Jockey Club missing golden chance to promote world's best horse racing | South China Morning Post
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  • Mar 2, 2015
  • Updated: 12:10pm

Jockey Club missing golden chance to promote world's best horse racing

PUBLISHED : Sunday, 27 June, 2010, 12:00am
UPDATED : Sunday, 27 June, 2010, 12:00am

It's unfortunate that the superb and competitive horse racing presently taking place in Hong Kong is 'relegated' to the racing pages and horse racing websites.

The recent four winners each by Hong Kong's nine-time Champion Jockey Douglas Whyte and 'the new kid on the block' Brett Prebble was wonderful to watch ('It just dozen get any better than this', June 21).

Last Sunday, Prebble rode six winners and trainer Caspar Fownes saddled up six winners of his own - both being tremendous sporting feats.

These are feats that would be headline news in any other sporting event.

But with horse racing - once known as 'the sport of kings' - having been allowed to be associated with the seedier side of life, this did not happen.

In Britain, this would be in the main section of the newspaper.

The achievement is not that far off that of legendary jockey Frankie Dettori's record-breaking seven winners a number of years ago.

Currently there are campaigns in Hong Kong warning about the perils of gambling and with various illegal bookies being jailed for accepting millions of dollars worth of bets on the World Cup.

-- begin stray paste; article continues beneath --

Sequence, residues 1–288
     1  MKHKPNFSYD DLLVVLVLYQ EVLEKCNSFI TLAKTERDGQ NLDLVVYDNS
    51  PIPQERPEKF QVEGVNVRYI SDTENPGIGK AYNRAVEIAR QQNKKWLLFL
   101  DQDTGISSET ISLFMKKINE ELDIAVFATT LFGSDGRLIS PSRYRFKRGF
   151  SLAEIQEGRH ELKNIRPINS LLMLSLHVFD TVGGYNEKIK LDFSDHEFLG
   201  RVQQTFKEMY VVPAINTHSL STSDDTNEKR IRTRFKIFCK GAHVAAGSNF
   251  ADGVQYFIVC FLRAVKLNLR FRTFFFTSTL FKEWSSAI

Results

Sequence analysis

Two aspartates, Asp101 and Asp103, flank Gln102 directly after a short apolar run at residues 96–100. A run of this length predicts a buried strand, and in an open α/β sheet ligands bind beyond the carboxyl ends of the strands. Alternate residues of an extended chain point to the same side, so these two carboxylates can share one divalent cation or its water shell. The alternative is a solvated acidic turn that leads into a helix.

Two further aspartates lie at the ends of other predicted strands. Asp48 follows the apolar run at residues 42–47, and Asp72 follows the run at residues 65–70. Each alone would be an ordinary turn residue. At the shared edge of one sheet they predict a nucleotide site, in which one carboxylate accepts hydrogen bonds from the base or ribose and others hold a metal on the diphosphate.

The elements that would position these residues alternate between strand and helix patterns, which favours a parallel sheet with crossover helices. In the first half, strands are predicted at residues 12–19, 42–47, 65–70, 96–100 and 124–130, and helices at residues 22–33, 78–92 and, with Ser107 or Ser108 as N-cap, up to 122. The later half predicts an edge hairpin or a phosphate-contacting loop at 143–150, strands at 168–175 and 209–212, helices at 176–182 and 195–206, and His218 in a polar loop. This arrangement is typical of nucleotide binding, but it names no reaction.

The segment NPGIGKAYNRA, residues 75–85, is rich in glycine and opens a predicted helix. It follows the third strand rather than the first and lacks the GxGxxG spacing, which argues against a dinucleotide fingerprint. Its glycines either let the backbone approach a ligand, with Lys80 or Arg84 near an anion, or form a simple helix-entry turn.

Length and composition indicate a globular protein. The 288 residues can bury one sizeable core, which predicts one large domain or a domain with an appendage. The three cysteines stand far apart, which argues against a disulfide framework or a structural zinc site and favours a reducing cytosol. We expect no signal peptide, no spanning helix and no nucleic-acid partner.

So here was the best opportunity the Hong Kong Jockey Club has ever had to promote the sport.

They could show that it is something more than a pastime reserved for people with toothpicks in their mouths along with a fried chicken wing, a radio to their ear and a tatty form guide in their hands.

It's still not too late despite the club's seeming inability to seize the day.

In fact, I am willing to wager that Whyte's nine consecutive Jockey Championships and the efforts of Prebble and Fownes over the weekend will make all of them eligible for a place in the Guinness World Records.

And if this happens, it can only benefit all of Hong Kong and show the world this 'can do' spirit we've been hearing about for months.

To the Hong Kong Jockey Club, a tip: get a wiggle on!

Hans Ebert, Sai Ying Poon


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